Regular physical exams for chickens are important to their health and longevity because they are masterful at hiding pain, discomfort and weakness. Chickens offer subtle clues when they are under the weather and by regularly spending time with our flocks, we can pick up on signs that they are not feeling well. Common indications of a sick chicken include: hiding, inactivity, pale comb or wattles, unusual droppings, unusual posture, lethargy, lack of appetite and reduced egg production- all signals that closer observation is needed and this article covers what to look for from head to toe.
OVERALL BEHAVIOR & GENERAL APPEARANCE
Any change from normal behavior and appearance should be investigated further. A healthy bird is alert and active, eating and drinking throughout the day with periods of dust bathing, reclining and resting mid-afternoon. A healthy bird should not sit in the same spot for hours at a time or fail to move when approached. They should not limp, have labored breathing, avoid food, drink excessively, lose weight or hide. A sudden drop in egg production should be looked into as egg production is one of the first functions to cease in a sick chicken.
WHEN TO EXAMINE A CHICKEN?
Most chickens don’t care to be handled, so it is easiest to examine a chickens after dark when they’re roosting. I use use a headlamp and bring a partner in crime whenever possible. Bath time is another excellent opportunity to get a closer look; after the initial surprise of being placed into water, most chickens love baths, but they should only be bathed when necessary for reasons discussed here.
If neither of those opportunities is convenient, loosely wrapping a bird in a towel, covering its head and eyes while ensuring ample breathing room keeps a bird immobilized, safe and calm.
Often the first sign of a health problem will be unusual droppings. Learn to recognize which droppings are normal and which are abnormal. Installing a droppings board underneath the roost provides an opportunity each morning to observe abnormalities unobscured by shavings or other bedding material.
An adult chicken should maintain a consistent weight. Weight loss may indicate things like illness, worms, coccidiosis, malnutrition and bullying. Weight gain indicates over-feeding, usually by way of treats, snacks and kitchen scraps. Obesity related complications leading to death is a problem of epidemic proportions in backyard pet chickens. This is an affiliate link to the scale I use (shown below).
COMB & WATTLES
The comb and wattles should be red and correct for the breed. If a chicken’s normal comb is usually upright, it shouldn’t be flopped over, if it’s usually full or plump looking, it shouldn’t be shriveled.
The comb and wattles should not be pale, purple, ashy, have lesions or scabs, which could indicate things like fowl pox, frostbite, pecking injuries from other chickens or favus. It can be normal for a broody hen, a molting chicken and a pullet that has not yet begun laying eggs to have a pale comb as shown in the Araucana with the pea comb in the photo above.
A chicken’s eyes should be clear, bright, round and moist. The pupils should be round and equal in size. The pupils should react to light (constrict and return to normal). The iris (colored portion of the eye) should not be grey. They eyes should not be dry, sunken, swollen, cloudy, watery or crusty; there should be no bubbles or other discharge. Chickens possess a third eyelid, which is normal and generally ruins an otherwise decent photo.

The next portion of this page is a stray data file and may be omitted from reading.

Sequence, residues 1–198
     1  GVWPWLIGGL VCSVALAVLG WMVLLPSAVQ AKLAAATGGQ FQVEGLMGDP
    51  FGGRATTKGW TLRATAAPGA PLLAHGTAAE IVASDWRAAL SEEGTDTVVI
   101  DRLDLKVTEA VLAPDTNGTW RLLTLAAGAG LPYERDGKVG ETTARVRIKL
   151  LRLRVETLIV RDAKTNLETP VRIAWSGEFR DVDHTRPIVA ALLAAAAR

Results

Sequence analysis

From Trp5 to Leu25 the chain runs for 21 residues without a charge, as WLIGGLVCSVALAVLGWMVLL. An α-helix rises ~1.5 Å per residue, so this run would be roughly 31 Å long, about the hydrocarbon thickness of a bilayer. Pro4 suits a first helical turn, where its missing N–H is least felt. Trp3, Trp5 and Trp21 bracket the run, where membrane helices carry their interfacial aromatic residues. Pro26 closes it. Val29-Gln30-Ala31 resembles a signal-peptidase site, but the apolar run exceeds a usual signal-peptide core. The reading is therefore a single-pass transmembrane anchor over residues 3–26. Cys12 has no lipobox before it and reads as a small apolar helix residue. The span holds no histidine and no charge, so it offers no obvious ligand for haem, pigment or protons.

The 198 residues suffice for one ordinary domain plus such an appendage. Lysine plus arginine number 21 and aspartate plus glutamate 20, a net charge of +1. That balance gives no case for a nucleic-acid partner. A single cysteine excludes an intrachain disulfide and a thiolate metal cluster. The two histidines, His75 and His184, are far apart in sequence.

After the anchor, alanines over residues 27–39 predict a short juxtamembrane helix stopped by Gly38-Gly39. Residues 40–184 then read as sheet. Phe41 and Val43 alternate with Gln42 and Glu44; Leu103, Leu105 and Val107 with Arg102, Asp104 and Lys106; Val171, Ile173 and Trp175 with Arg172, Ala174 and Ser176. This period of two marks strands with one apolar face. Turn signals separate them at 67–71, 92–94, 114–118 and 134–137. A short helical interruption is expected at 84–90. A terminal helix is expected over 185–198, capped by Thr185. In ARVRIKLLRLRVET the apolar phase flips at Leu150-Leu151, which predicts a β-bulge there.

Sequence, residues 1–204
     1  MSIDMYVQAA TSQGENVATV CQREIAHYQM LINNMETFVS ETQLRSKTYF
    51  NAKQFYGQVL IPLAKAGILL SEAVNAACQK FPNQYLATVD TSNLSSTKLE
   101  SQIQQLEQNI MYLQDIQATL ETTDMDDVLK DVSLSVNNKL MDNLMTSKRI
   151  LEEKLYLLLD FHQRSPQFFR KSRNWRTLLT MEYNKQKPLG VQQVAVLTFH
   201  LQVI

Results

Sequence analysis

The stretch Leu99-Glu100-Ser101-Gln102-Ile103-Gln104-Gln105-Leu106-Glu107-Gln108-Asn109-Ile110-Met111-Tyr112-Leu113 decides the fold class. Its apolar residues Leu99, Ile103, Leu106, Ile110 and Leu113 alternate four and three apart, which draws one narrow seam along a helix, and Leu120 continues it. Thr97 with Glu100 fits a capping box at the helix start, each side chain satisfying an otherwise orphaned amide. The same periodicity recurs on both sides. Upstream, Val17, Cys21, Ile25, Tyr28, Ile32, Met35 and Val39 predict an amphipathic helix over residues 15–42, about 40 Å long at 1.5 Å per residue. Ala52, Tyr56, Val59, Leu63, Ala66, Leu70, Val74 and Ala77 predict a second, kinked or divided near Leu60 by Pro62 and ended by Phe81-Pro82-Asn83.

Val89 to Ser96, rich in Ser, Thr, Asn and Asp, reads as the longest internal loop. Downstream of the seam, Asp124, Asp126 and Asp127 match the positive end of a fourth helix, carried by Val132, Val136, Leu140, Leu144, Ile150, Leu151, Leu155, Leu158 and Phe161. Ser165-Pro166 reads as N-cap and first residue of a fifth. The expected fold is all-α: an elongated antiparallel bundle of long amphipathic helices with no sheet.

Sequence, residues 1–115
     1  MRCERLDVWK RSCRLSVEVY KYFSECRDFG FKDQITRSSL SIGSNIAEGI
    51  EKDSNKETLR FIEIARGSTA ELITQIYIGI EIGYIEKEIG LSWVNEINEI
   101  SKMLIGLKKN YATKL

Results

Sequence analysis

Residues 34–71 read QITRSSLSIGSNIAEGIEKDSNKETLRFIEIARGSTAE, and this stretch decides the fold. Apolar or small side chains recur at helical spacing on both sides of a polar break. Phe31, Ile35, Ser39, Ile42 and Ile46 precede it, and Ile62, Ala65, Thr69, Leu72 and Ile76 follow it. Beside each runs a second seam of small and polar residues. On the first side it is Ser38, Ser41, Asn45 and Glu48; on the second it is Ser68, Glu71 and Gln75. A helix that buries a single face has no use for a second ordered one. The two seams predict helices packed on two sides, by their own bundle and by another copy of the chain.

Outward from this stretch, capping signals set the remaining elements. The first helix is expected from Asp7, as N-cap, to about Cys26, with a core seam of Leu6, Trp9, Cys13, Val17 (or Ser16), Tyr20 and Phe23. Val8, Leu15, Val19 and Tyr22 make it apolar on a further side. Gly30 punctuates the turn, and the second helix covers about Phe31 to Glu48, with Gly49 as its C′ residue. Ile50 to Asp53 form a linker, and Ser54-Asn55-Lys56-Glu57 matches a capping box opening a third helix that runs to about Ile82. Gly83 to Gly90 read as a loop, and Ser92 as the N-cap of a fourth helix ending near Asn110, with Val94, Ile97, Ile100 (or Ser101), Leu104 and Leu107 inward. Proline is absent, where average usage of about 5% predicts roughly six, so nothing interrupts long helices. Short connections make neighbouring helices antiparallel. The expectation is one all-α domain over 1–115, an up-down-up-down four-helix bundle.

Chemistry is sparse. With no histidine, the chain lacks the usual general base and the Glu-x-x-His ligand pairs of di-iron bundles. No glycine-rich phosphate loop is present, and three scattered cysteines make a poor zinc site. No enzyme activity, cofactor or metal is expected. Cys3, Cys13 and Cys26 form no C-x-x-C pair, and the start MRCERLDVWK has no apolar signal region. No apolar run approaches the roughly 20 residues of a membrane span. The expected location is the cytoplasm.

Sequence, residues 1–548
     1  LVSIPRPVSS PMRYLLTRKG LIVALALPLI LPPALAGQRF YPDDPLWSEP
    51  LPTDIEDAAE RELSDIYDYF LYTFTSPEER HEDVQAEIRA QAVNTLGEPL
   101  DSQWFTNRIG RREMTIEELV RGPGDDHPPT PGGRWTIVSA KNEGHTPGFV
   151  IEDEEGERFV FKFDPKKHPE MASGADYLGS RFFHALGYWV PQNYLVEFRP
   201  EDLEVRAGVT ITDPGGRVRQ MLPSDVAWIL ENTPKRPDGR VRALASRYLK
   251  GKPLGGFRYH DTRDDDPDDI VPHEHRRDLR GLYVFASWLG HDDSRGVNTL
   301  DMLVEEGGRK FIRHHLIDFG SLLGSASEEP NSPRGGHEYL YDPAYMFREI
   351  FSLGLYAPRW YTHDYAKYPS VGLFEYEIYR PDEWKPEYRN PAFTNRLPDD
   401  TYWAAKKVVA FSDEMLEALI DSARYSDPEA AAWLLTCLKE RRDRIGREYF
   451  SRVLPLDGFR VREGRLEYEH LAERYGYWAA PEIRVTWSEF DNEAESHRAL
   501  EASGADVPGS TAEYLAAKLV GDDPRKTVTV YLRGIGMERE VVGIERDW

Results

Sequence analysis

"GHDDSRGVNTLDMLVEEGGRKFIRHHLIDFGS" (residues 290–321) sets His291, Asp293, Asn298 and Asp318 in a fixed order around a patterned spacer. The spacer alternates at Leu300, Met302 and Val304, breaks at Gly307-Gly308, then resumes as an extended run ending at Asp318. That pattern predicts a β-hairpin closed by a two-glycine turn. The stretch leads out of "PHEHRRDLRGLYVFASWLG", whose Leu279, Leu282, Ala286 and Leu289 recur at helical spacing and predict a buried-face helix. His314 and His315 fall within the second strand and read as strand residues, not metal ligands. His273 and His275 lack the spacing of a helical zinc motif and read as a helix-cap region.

A chicken’s nostrils are called nares. The nares should be clean and free from discharge or crustiness.
A normal beak is smooth, free from cracks and closed most of the time. An open beak can indicate stress or over-heating. The upper mandible (top half of the beak) is slightly longer than the lower and should be aligned directly above it. Any sudden change in alignment is abnormal. Chips, breaks or overgrown beaks should be honed by filing. Scissor beak, also known as crossed beak, is a common deformity that does not occur suddenly.
There should be no foaming or discharge from the mouth. Any noisy, squeaky or labored breathing is abnormal. The inside of the mouth should be free from lumps, lesions and discoloration. Wet fowl pox and mold toxicity are common causes of cheesy-looking lesions inside the mouth. There should be no bad odor coming from the mouth, which could indicate sour crop.
A chicken’s feathers should be shiny & lay flat against the body. They should not be bloody. Unless the birds are approaching a molt, feathers should not be broken, ruffled, frayed or tattered, which could indicate behavioral problems in the flock, stress, parasites, a nutrition deficit (most often protein)or rodent problems. Know what molting looks like and the age and season to expect it as well as what pin feathers look like. Frizzle feathered breeds are an exception to the flat feather rule.
Skin injuries and other abnormalities can be well hidden by feathers. Part feathers all over the chicken’s body to inspect the skin, which should be free from mites, lice, lacerations, lumps, injuries from roosters’ nails during mating, fly larvae/maggots, etc.
BREAST & KEEL